Top US justice, intel officials visit Guantanamo

The military prison at Guantanamo Bay, Cuba currently holds only 41 inmates, including five alleged 9/11 co-conspirators

Washington (AFP) – Top US justice and intelligence  officials are to visit the US military prison at Guantanamo Bay, Cuba on Friday amid signs the Trump administration may use it to house new “war on terror” detainees.

Attorney General Jeff Sessions and Deputy Attorney General Rod Rosenstein, and Director of National Intelligence Dan Coats, are visiting the prison to familiarize themselves with current operations, officials said.

The notorious prison, which former president Barack Obama had sought unsuccessfully to close, has had no new inmates in more than a decade.

But on taking office, President Donald Trump signaled he wanted an active camp ready to accept “some bad dudes” that might be captured in Syria, Iraq, Afghanistan or elsewhere.

“Keeping this country safe from terrorists is the highest priority of the Trump administration,” Justice Department spokesman Ian Prior said in a statement.

“Recent attacks in Europe and elsewhere confirm that the threat to our nation is immediate and real, and it remains essential that we use every lawful tool available to prevent as many attacks as possible.”

Coats’ spokesman Timothy Barrett said the purpose of the trip  “is to gain an understanding of current operations by meeting with the people on the ground.”

At the height of its operations after the September 11, 2001 attacks, the prison held 780 people detained mostly for their alleged ties to Al Qaeda and the Taliban, including some of those who planned the 9/11 attacks on the United States.

Since then hundreds have been transferred back to their home countries or other places, and the inmate population currently stands at 41, many of them viewed as hardened enemies of the country who cannot be freed.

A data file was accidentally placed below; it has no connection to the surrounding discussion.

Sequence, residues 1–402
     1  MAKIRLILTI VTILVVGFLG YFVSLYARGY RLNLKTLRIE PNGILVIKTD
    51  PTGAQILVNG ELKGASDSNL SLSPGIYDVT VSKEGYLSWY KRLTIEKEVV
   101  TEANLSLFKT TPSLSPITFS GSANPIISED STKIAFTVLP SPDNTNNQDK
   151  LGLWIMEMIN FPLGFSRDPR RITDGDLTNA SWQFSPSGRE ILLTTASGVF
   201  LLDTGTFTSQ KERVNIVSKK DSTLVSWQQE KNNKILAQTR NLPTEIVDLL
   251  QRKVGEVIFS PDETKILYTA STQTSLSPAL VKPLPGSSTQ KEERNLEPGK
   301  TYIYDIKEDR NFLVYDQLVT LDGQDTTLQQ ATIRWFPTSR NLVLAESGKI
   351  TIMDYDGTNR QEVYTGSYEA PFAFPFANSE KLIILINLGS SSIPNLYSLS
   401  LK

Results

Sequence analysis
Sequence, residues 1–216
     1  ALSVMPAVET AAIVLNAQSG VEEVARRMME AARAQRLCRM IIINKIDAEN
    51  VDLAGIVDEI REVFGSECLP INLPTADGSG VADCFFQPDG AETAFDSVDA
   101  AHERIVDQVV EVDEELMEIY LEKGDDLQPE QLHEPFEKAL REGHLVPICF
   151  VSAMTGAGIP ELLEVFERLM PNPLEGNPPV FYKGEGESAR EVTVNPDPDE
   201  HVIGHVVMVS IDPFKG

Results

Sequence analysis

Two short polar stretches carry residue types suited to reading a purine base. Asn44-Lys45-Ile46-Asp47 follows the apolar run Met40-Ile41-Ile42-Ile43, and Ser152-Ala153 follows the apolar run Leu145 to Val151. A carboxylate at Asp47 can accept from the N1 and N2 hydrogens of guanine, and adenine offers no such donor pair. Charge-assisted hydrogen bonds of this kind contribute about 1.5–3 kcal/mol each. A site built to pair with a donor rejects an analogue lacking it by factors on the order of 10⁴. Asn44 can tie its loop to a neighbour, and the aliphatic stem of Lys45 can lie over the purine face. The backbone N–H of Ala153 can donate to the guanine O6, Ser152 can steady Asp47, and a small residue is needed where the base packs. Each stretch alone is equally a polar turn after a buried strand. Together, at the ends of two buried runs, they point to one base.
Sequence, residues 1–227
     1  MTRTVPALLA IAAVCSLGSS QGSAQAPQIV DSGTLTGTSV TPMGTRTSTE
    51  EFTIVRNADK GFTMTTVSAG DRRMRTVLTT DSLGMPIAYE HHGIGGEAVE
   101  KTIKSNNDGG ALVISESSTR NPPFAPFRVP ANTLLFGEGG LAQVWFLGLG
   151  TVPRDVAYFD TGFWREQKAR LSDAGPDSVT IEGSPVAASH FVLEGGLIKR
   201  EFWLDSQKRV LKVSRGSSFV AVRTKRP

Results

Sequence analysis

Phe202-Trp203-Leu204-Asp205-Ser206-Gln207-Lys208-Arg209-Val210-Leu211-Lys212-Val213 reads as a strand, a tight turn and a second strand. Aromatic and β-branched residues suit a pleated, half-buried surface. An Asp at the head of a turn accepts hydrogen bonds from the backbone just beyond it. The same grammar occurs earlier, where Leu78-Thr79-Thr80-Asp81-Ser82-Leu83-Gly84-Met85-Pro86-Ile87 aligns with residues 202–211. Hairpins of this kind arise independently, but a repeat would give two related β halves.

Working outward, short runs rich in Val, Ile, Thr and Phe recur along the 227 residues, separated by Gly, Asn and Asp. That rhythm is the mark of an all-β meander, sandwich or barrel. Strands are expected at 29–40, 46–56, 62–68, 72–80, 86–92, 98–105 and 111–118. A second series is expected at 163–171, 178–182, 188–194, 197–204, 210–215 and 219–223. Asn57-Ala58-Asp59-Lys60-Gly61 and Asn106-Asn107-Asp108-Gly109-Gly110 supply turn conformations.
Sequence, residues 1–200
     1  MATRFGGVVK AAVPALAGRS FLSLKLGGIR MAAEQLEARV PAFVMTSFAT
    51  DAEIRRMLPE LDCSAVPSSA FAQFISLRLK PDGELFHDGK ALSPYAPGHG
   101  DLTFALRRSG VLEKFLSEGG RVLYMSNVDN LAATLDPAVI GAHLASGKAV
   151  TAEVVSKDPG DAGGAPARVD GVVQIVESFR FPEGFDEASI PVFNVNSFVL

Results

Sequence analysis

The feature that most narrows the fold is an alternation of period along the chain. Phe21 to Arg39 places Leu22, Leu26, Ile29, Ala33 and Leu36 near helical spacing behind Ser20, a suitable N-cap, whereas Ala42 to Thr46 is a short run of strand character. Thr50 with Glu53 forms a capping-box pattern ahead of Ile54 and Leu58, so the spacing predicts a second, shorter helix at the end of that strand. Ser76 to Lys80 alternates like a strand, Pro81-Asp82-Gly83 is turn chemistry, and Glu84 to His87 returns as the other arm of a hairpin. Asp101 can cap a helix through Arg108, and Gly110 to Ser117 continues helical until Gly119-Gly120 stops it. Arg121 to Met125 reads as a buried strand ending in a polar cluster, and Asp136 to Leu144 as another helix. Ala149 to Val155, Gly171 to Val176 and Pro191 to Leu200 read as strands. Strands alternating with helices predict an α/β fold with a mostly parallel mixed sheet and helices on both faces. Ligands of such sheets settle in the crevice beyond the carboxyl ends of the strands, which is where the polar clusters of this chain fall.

Some of the most notorious, including several alleged 9/11 co-conspirators, including accused mastermind Khalid Sheikh Mohammed, are still awaiting trial.

Around 26 inmates are trapped in legal purgatory. These so-called “forever prisoners” have never been charged — yet they have been deemed too dangerous to release.

After almost 11 years in the prison, last month Guantanamo war court prosecutors charged Indonesian Al Qaeda suspect Riduan Isomuddin, better known as Hambali, with plotting a 2002 attack on a nightclub in Bali, and an attack on the Jakarta JW Marriott hotel the next year, that together left more than 200 people dead.

It is not known whether US authorities are currently holding any detainees abroad for transfer to Guantanamo, amid ongoing US and ally operations against Islamic State, Al-Qaeda and Taliban fighters in several countries.

Trump has provided few specifics about his Guantanamo plans, but a draft executive order that leaked from the White House in late January called the facility a “critical tool” in the fight against “radical Islamist groups.”

Sessions has made clear his support for keeping the prison open.

Asked in March by radio host Hugh Hewitt on whether it should remain available for new detainees, he called the facility “a perfect place for it.”

“There’s plenty of space,” he said. “I see no legal problem whatsoever with doing that.”


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